Thrifty Solutions for an Outdated Kitchen

If a cramped, old kitchen is turning off buyers, follow the lead of these home owners and turn a liability into a showplace.

October 1, 2008

In the eight years that we’ve operated our design and building business, WMS Construction in Marin County, Calif., my husband, Bill Shideler, and I have collaborated on a number of kitchen remodels for other people. A few years ago, we moved into an outdated ranch home and decided to use that collective experience to expand and update our own kitchen.

The challenge we faced involved a key element in limited supply: money. We knew that we’d be doing a substantial amount of the work ourselves or supervising subcontractors called in for selected jobs. But our budget couldn’t exceed $40,000—a bargain here in California. Here are some of the lessons we learned that sellers can use in turning that old, tired kitchen into a showplace buyers will clamor to call their own.

1. Add space and light by removing a wall. Instead of shelling out thousands of dollars to build additional floor space for our cramped kitchen, we took a simpler, less invasive approach. We replaced the partition walls with a single supporting beam and extended the exterior wall to enclose an underused 8-by-9-foot deck. For more light we added a large skylight and enlarged the garden window.

2. Don’t move the plumbing. Although it was tempting to move the sink from the back wall to the new island, it would have cost us an additional $1,200. Relocating the stove was possible, but moving the gas and electricity would have run at least $500 plus the cost of a new stove to work with the island. We did relocate the fridge to make room for the island, which we use for both food prep and casual dining. However, keeping most of the appliances in the same place saved us an estimated $2,000.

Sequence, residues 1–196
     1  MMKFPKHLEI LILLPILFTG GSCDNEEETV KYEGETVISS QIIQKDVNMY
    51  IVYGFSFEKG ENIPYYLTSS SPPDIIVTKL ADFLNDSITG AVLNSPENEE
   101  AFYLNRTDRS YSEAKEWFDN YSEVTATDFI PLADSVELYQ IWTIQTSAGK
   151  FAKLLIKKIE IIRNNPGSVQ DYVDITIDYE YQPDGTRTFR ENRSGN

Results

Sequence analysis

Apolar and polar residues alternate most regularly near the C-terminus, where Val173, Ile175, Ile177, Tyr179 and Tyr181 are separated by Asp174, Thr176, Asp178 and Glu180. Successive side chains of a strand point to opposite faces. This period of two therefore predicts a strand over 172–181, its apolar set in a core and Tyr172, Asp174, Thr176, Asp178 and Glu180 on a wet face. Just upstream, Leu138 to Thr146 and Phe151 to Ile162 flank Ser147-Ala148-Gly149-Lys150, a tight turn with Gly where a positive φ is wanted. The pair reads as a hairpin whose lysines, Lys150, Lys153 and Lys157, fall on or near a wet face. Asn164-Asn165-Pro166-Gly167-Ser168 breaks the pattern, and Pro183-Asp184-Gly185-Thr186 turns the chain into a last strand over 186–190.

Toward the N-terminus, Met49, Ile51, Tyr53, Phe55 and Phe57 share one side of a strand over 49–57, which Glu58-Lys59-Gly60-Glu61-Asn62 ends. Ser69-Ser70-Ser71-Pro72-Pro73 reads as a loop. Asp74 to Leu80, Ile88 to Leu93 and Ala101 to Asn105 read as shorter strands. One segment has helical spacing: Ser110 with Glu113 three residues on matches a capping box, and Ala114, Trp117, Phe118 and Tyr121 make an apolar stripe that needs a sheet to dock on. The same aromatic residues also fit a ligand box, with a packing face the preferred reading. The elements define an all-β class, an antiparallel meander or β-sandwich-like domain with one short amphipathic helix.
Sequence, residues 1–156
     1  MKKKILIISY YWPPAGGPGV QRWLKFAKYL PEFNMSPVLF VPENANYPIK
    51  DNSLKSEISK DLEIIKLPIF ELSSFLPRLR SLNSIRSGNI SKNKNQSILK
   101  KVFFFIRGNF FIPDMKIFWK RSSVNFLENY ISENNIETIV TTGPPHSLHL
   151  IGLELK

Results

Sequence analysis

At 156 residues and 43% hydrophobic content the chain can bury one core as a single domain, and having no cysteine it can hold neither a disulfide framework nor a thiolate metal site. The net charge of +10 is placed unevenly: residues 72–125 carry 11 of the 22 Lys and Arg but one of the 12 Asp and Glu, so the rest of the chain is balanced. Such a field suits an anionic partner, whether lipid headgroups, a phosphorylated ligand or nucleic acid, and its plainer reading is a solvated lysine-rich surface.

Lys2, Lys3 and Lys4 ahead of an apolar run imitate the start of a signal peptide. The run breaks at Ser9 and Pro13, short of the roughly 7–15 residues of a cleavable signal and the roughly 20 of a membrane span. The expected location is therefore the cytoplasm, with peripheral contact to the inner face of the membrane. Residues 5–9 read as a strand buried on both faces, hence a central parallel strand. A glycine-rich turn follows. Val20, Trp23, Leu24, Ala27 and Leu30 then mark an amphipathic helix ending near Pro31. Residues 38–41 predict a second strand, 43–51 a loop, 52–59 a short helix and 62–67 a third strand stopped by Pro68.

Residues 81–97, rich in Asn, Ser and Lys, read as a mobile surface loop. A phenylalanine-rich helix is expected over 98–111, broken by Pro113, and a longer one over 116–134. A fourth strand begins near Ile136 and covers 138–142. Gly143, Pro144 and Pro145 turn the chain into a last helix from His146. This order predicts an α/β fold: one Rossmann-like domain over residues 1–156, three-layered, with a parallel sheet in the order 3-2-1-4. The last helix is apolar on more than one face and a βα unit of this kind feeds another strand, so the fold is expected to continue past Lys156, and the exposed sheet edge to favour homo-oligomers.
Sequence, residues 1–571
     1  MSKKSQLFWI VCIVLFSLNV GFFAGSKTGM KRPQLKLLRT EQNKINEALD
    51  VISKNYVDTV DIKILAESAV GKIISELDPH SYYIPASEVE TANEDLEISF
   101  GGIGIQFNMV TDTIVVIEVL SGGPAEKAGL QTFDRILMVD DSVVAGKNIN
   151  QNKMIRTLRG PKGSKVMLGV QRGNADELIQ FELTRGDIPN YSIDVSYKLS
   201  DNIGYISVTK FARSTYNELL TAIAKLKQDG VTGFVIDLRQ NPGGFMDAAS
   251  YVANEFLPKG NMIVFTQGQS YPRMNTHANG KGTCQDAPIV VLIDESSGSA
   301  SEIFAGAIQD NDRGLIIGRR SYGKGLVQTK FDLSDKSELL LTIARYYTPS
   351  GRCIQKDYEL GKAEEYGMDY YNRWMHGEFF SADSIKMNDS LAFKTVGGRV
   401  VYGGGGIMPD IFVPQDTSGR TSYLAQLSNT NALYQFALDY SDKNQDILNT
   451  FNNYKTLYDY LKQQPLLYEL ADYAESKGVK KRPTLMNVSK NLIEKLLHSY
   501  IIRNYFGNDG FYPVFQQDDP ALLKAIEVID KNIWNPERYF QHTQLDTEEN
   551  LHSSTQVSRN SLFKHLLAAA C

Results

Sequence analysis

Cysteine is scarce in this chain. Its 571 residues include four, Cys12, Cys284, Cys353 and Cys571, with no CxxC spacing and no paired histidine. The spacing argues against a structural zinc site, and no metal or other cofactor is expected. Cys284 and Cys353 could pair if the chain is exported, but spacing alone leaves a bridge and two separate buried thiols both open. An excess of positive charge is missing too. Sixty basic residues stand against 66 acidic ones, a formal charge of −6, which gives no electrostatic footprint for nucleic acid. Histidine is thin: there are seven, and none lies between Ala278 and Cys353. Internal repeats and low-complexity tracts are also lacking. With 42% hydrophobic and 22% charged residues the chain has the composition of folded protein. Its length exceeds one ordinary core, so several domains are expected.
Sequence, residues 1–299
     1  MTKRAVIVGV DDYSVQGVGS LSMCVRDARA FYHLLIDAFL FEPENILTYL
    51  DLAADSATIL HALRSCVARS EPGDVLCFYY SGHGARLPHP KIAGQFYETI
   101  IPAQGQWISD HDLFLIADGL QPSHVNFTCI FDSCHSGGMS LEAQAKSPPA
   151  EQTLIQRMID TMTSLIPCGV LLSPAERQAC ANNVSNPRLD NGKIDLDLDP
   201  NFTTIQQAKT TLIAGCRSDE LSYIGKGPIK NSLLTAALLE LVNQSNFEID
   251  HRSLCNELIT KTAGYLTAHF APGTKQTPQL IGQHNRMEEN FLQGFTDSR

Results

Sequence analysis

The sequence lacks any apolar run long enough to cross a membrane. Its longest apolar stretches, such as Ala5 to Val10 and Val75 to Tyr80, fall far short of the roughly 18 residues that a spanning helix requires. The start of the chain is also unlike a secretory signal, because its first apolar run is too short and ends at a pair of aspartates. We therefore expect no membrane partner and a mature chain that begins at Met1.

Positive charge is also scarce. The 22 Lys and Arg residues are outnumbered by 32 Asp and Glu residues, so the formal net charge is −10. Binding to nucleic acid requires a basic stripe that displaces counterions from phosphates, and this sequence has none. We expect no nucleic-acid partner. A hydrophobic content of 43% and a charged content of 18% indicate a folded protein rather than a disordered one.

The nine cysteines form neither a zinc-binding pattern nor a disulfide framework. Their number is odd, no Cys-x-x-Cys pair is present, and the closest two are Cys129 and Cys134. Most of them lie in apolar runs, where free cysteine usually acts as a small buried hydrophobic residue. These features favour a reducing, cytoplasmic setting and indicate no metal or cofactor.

3. Unclutter the countertops with special hardware. Limited counter space doesn’t have to mean limited workspace. Mounting a stand mixer and a food processor on heavy-duty appliance lifts from Rev-A-Shelf kept them out of the way but instantly accessible. The brackets are strong enough to support an appliance in use, so you can lift it up to create an instant workstation. The lifts average about $90 each.

4. Buy ready-to-assemble cabinets. We chose white melamine boxes for most of the kitchen and cherry for the hutch, all from CabParts. The drawer boxes were ordered from Drawer Box Specialties. Ordering parts by mail and installing them yourself requires careful planning and precise measurements, but the payoff is major savings (for us, about $15,000).

5. Consider a variety of countertop materials. We wanted granite for its look and durability, but our budget kept us from using it on the island as well as the countertop. By shopping around, we found a 3⁄4-inch-thick granite slab that cost 30 percent less than a 1 1⁄4-inch version. The granite’s true thickness is visible around the undermount sink, but a laminated edge makes it look like a thicker slab and hides the plywood backing, which adds structural support to the countertop. A maple butcher-block top on the island costs about $450.

Adapted from an article in the October/November 2007 issue of Fine Homebuilding. To read the entire article as well as other stories about home repair and remodeling, go to www.finehomebuilding.com.

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